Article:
On Stage

Murder mysteries, wizards and new seasons

By Jacqui Theobald

“Black Coffee” at Xenia’s X*ACT

The proud little community theater at 45 E. Second St. in Xenia concludes its present season, focused on murder mysteries, with one of Agatha Christie’s very first plays, “Black Coffee.” Tony Copper directs. Performances are May 27-29 and June 3-5. A Gala celebrates Opening Night beginning at 6:30 p.m. All other evening shows are at 7:30 p.m. with the Sunday matinees at 3 p.m.

Joe DeTore portrays Hercule Poirot, the fabled Belgian detective. “The plot,” according to Christie herself “is conventional, but I think, not at all bad.” There is a gathering, a spy searching for an important paper, a murder and finally after the very clever observations of Poirot, a solution. A cast of 13 includes Sara Duibley as Lucia Amory, Wayne Wolfe as Captain Arthur Hastings and 10 others.

“Making sure the blocking supports the solution is a challenge,” says Director Copper says. “I think the audience will be pleasantly surprised and will have much to discuss on the way home.”

X*ACT has been pleased with the public support of their Murder Mystery series this season and will consider other themes. They also actively encourage newcomers to their auditions.

For tickets or more information, please visit xeniaact.org or call 937.372.0516.

More from Xenia 

The sometimes hush-hush topic of date rape/sexual abuse and the shame, fear and embarrassment that goes with it is challenged by a teen-written and performed one-act play, co-sponsored by X*ACT and Family Violence Prevention Center of Greene County.

There was so much teen interest that Director Jennifer Sparks selected two casts as the show performs at various high schools in 2016-2017. This school year concludes with two shows at Beavercreek High School May 19. Next school year’s schedule will be announced later with a public performance targeted for October.

Washington Township Town Hall Theatre 

With missions of both education and the stage, Town Hall finishes this part of their season with two familiar stories. With one more weekend to run, May 20-22, The Wizard of Oz, the very familiar story of the girl from Kansas transported by a cyclone to meet unbelievable characters in colorful Oz, has a double cast.

Coming up soon, June 3-5 will be Thumbelina also with a double cast of children and adults. Tiny Thumbelina has a variety of adventures when small animals, larger than she is, present problems. She searches for a kingdom of small people. Artistic Producer Mark Metzger and the Board believe there is a great educational opportunity as young actors learn by experience with more mature actors. Also available structured is an educational component, with classes.

For tickets or more information, please visit washingtontwp.org/townhalltheatre or call 937.433.8957.

Dayton Playhouse 2016-17 Next Season

Dayton’s supportive audiences have many options as the community theaters announce their upcoming seasons. The Playhouse always does several musicals and a couple of straight comedies as this year’s schedule reveals.

Sept. 16-Oct. 2 — Camelot by Lerner and Loewe, directed by Ranger Puterbaugh

King Arthur convenes the Round Table and its legendary music classics: Don’t let it be forgot / That once there was a spot / For one brief shining moment / That was known as Camelot. Back in the ’60s these words were linked with the short-lived Kennedy White House and defined the era. The story and the music are timeless.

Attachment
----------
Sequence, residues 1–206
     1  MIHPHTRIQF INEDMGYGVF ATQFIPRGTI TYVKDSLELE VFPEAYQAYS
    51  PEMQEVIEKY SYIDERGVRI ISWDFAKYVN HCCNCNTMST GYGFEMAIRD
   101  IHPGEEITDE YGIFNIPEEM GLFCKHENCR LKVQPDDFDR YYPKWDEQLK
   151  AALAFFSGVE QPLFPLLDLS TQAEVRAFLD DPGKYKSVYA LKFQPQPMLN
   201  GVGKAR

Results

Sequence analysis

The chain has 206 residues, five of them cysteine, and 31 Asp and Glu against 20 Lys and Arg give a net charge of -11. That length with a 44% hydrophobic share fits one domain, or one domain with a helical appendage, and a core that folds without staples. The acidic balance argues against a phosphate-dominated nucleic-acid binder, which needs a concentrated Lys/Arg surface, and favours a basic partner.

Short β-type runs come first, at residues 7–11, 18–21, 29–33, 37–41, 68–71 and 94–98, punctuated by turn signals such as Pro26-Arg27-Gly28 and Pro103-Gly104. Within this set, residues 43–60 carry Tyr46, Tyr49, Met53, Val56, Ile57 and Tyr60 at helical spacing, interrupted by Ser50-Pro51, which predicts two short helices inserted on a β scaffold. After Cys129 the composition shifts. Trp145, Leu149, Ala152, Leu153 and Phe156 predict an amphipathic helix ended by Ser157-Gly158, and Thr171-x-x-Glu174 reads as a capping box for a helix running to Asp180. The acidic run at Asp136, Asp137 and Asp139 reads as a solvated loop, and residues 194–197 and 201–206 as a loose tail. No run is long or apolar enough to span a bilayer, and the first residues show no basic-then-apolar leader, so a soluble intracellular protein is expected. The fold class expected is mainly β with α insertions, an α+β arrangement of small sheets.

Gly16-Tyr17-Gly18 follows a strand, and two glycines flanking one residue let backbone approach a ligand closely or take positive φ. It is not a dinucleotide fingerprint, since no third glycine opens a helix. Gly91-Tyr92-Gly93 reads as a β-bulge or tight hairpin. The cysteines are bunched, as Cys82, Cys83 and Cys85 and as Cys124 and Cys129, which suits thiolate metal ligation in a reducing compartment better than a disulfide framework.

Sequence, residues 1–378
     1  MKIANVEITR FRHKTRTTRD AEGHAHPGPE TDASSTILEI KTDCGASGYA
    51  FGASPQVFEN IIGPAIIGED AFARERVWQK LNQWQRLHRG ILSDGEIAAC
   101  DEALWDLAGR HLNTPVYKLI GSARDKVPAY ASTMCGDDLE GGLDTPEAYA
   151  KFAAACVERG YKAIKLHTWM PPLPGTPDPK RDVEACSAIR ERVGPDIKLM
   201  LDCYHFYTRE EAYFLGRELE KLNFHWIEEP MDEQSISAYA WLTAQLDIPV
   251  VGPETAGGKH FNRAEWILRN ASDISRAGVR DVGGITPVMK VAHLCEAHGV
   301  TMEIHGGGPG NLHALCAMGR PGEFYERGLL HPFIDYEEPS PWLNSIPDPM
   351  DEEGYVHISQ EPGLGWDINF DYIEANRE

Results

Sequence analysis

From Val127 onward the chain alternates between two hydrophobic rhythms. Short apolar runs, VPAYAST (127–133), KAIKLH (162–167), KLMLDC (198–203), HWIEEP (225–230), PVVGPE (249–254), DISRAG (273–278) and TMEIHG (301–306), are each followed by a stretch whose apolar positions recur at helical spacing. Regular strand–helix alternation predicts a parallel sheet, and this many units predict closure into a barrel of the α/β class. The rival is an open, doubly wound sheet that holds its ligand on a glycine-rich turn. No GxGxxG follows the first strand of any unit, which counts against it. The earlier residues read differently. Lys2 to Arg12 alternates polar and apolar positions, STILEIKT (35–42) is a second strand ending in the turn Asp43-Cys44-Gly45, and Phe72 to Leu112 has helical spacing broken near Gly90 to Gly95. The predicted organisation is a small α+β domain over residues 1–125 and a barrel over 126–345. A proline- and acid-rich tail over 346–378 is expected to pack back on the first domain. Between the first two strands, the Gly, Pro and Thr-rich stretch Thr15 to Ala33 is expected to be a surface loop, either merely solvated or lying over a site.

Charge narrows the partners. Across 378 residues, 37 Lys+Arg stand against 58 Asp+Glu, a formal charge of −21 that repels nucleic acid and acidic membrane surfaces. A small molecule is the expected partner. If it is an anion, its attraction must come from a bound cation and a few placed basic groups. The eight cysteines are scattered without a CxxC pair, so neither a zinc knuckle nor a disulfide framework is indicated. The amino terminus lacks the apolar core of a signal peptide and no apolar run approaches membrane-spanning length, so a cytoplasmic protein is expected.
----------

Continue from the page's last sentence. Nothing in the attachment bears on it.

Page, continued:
Nov. 4-13 — “Proposals” by Neil Simon, directed by Jim Lockwood 

It’s the New York of Simon’s nostalgia, the comedy of the Poconos, full of fast-paced still funny lines.

Jan. 20-Feb. 5, 2017 — Xanadu, book by Douglas Carter Beane, music lyrics by Jeff Lynne and John Farrar, directed by Tina McPhearson

An almost exact opposite of the conventional stage musical, this has been described by NY Times critic Christopher Isherwood at its 2007 Broadway opening as “simultaneously indefensible and irresistible.” With roller skates and disco balls, it’s a “brisk” 90-minute experience. The plot is a descendent of a long line of classic musicals and plays, campier than any before, somewhat anti-Broadway.

March 10-19 — “The Women” by Clare Boothe Luce, directed by Robb Willoughby

Boothe was a very opinionated, sharp tongued, sophisticated woman, the wife of Henry Luce, founder of Time magazine. She moved in society circles that seem like another world now, as well as for many when it debuted in 1936. It’s sub-titled “A comedy of manners” perhaps not what might be called manners today. It was almost scandalous in its day in its directness. It is an all-female cast, an interesting contrast to this season’s nearly all-male 1776.

May 5, 2017 – TO BE ANNOUNCED   Directed by Matthew Smith

It’s a secret—at least until June 1 because of their rights agreement—but is a multi-Tony nominated musical never done here by any area community theater. The Playhouse will reveal all on daytonplayhouse.com on the date.

Future Fest auditions and ticket information 

The intense six-play weekend that is the culmination of a worldwide playwriting competition will be July 22-24. Three are fully staged and three are staged readings. Auditions for all six will be held May 23 and 24 at the Playhouse off Riverside at 1301 E. Siebenthaler, in the park.

Season passes for all the plays, including critiques by five professional adjudicators and the playwright’s talkbacks after each performance are available.

For more information, please visit daytonplayhouse.com or call 937.428.8471.
Reach DCP theatre critic Jacqui Theobald at JacquiTheobald@DaytonCityPaper.com.

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Reach DCP theatre critic Jacqui Theobald at JacquiTheobald@DaytonCityPaper.com.

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